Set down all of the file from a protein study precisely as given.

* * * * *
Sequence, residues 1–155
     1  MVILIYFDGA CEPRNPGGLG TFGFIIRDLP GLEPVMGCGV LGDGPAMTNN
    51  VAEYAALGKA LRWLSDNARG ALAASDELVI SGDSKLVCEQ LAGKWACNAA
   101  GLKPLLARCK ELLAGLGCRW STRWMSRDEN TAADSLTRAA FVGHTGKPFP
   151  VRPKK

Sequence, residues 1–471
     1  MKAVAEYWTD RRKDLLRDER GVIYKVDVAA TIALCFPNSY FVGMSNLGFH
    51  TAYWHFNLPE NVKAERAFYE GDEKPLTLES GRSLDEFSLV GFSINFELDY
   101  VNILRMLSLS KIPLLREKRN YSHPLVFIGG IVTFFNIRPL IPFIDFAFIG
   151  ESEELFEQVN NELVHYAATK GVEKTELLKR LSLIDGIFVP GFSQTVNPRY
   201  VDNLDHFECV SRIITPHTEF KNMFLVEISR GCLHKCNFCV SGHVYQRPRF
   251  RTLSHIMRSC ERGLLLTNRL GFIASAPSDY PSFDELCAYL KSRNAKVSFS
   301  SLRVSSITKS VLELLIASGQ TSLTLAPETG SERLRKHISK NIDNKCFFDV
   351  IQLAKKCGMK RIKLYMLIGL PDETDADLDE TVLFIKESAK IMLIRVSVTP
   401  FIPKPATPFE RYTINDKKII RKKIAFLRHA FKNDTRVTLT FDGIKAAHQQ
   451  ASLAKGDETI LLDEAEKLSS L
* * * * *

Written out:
Sequence, residues 1–155
     1  MVILIYFDGA CEPRNPGGLG TFGFIIRDLP GLEPVMGCGV LGDGPAMTNN
    51  VAEYAALGKA LRWLSDNARG ALAASDELVI SGDSKLVCEQ LAGKWACNAA
   101  GLKPLLARCK ELLAGLGCRW STRWMSRDEN TAADSLTRAA FVGHTGKPFP
   151  VRPKK

Sequence, residues 1–471
     1  MKAVAEYWTD RRKDLLRDER GVIYKVDVAA TIALCFPNSY FVGMSNLGFH
    51  TAYWHFNLPE NVKAERAFYE GDEKPLTLES GRSLDEFSLV GFSINFELDY
   101  VNILRMLSLS KIPLLREKRN YSHPLVFIGG IVTFFNIRPL IPFIDFAFIG
   151  ESEELFEQVN NELVHYAATK GVEKTELLKR LSLIDGIFVP GFSQTVNPRY
   201  VDNLDHFECV SRIITPHTEF KNMFLVEISR GCLHKCNFCV SGHVYQRPRF
   251  RTLSHIMRSC ERGLLLTNRL GFIASAPSDY PSFDELCAYL KSRNAKVSFS
   301  SLRVSSITKS VLELLIASGQ TSLTLAPETG SERLRKHISK NIDNKCFFDV
   351  IQLAKKCGMK RIKLYMLIGL PDETDADLDE TVLFIKESAK IMLIRVSVTP
   401  FIPKPATPFE RYTINDKKII RKKIAFLRHA FKNDTRVTLT FDGIKAAHQQ
   451  ASLAKGDETI LLDEAEKLSS L